Copyright Infringement

Mining Magnate Must Pay Twisted Sister for Copyright Breach

A court has ordered Australian mining tycoon Clive Palmer to pay damages of A$1.5 million (U.S. $1.2 million) to Universal Music for infringing on Twisted Sister’s copyright for their 1984 hit, “We Not Gonna Take It,” which he used in political ads.

The lawsuit claimed that Palmer used the song, with altered lyrics, in advertising for his United Australia Party (UAP), leading up to the 2019 general election, while refusing to pay to license the track.

In his counter-argument, Palmer claimed that the song in the ads was based on the hymn “Oh Come All Ye Faithful” and that the lyrics— “Australia ain’t gonna cop it, no Australia’s not gonna cop it, Aussies not gonna cop it anymore“—were in no way related to the U.S. rock band’s song.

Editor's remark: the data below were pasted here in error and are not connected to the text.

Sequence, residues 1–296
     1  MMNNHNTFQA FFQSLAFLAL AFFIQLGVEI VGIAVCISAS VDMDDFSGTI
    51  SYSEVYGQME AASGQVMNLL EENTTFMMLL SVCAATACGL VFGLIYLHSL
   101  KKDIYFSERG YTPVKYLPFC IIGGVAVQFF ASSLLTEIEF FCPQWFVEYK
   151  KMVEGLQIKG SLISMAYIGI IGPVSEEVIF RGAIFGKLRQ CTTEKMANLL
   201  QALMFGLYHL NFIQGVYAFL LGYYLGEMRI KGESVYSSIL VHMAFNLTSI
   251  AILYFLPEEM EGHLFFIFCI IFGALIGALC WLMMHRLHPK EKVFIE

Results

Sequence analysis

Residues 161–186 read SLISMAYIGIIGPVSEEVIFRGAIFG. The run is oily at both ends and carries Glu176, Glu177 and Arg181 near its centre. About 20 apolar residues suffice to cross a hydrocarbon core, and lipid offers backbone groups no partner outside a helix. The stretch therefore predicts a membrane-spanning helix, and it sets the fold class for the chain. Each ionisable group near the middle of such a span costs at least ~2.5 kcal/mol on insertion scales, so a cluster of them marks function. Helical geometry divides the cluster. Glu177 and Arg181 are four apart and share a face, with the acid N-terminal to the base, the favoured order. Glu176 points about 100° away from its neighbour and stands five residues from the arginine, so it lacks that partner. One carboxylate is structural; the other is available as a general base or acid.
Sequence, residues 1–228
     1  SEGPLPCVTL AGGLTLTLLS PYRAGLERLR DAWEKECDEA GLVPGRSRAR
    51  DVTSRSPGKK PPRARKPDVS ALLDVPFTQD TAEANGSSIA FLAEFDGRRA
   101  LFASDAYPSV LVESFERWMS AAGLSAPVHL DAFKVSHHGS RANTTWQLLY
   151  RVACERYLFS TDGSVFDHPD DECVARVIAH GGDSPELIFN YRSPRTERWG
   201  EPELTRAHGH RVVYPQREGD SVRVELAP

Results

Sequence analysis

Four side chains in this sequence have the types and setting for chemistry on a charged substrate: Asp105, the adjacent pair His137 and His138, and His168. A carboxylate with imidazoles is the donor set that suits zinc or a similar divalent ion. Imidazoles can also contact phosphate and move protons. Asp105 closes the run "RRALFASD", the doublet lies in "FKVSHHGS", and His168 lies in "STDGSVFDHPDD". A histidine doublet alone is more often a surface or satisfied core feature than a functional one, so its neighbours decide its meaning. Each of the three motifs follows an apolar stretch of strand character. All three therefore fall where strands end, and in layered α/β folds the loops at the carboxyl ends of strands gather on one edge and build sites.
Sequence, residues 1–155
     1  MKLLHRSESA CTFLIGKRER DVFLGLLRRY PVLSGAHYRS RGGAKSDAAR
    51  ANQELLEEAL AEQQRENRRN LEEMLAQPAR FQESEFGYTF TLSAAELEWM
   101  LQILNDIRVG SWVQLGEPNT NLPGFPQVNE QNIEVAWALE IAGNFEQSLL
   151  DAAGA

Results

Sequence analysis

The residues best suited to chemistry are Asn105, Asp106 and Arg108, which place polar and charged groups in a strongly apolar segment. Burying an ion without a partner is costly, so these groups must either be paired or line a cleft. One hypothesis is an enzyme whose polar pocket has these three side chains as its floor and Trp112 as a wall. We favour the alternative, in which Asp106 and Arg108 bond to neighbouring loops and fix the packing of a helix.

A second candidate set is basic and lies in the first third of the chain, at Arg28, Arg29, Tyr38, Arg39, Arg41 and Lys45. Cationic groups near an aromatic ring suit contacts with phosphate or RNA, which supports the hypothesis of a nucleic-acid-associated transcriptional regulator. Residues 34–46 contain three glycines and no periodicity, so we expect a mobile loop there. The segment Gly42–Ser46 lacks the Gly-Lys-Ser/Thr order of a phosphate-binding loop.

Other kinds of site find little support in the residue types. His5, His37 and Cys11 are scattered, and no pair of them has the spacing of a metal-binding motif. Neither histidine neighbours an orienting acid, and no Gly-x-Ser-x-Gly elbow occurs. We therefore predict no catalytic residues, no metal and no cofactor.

In light of the evidence, Justice Anna Katzmann called Palmer’s defense “fanciful.” The judge also accused the defendant of making up a false story and behaving in a contemptuous way. 

The court also ordered Palmer to pay for all costs of the trial, in addition to the damages awarded, and remove copies of his song from all media.

Twisted Sister lead singer Dee Snider announced the band’s copyright win on Twitter, and responded to the court’s decision by writing, “We’re not gonna take copyright infringement anymore!!”

Palmer’s fortune came from mining and real estate, and in 2013, he entered Australian federal politics on a populist platform. His party, which won a small number of seats in the first election, became embroiled in animosity and in-fighting and did not even win a single seat in 2019, despite A$83 million in advertising spending.

Palmer’s spokesperson said that he would closely examine the ruling and would consider appealing.

Reuters – April 30, 2021 – Colin Packham

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